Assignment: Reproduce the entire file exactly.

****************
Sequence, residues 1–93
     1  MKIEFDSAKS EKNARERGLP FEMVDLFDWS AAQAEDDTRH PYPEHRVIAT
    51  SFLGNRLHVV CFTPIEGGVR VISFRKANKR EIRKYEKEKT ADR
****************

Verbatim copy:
Sequence, residues 1–93
     1  MKIEFDSAKS EKNARERGLP FEMVDLFDWS AAQAEDDTRH PYPEHRVIAT
    51  SFLGNRLHVV CFTPIEGGVR VISFRKANKR EIRKYEKEKT ADR